Someone who bought a low-cost S&P 500 index fund in 2003 earned a 97% return by the end of 2012. That's great! And they didn't need to know a thing about portfolio management, technical analysis, or suffer through a single segment of "The Lighting Round."

Meanwhile, the average equity market neutral fancy-pants hedge fund lost 4.7% of its value over the same period, according to data from Dow Jones Credit Suisse Hedge Fund Indices. The average long-short equity hedge fund produced a 96% total return -- still short of an index fund.

Investing is not like a computer: Simple and basic can be more powerful than complex and cutting-edge. And it's not like golf: The spectators have a pretty good chance of humbling the pros.

Most investors understand that stocks produce superior long-term returns, but at the cost of higher volatility. Yet every time -- every single time -- there's even a hint of volatility, the same cry is heard from the investing public: "What is going on?!"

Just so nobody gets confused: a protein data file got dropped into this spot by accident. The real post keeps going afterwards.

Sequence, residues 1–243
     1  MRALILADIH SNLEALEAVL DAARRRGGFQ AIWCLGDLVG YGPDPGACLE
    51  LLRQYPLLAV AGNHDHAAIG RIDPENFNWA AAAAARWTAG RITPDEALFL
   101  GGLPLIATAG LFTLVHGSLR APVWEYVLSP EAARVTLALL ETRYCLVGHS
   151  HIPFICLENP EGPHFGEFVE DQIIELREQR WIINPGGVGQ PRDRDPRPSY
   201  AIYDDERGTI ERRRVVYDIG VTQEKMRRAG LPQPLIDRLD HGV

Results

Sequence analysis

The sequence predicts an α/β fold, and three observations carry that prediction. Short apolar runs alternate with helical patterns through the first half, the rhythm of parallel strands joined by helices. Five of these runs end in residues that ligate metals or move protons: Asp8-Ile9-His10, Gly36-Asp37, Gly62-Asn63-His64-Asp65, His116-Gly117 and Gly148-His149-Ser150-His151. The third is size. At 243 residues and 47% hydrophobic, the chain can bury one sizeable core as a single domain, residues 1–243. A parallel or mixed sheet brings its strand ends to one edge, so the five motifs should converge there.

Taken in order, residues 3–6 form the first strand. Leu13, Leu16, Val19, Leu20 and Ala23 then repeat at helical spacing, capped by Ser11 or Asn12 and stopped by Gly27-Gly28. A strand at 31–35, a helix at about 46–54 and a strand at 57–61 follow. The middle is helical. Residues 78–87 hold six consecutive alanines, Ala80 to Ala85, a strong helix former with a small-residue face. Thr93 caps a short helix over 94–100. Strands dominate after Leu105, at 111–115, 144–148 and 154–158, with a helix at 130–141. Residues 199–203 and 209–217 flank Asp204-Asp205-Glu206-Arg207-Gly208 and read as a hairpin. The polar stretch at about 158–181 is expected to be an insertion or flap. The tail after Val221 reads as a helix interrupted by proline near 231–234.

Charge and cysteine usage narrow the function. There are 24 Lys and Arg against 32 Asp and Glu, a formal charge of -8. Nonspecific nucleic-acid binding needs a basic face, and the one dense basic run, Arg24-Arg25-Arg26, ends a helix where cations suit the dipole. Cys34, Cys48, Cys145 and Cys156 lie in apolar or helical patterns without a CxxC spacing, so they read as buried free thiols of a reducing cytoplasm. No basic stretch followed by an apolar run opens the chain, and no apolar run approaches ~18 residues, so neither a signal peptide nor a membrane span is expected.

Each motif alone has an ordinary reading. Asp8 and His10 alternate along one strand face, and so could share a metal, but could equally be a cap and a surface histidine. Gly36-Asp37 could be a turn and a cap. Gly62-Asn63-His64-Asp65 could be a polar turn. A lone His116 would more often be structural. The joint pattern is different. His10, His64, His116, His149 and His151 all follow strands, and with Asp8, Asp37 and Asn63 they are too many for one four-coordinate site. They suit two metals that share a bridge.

Nine times out of ten, the correct answer is the same: Nothing is going on. This is just what stocks do.

Since 1900 the S&P 500 (^GSPC) has returned about 6% per year, but the average difference between any year's highest close and lowest close is 23%. Remember this the next time someone tries to explain why the market is up or down by a few percentage points. They are basically trying to explain why summer came after spring.

Someone once asked J.P. Morgan what the market will do. "It will fluctuate," he allegedly said. Truer words have never been spoken.

The vast majority of financial products are sold by people whose only interest in your wealth is the amount of fees they can sucker you out of.

You need no experience, credentials, or even common sense to be a financial pundit. Sadly, the louder and more bombastic a pundit is, the more attention he'll receive, even though it makes him more likely to be wrong.

This is perhaps the most important theory in finance. Until it is understood you stand a high chance of being bamboozled and misled at every corner.

"Everything else is cream cheese."

Adam Wiederman is a Motley Fool contributing writer.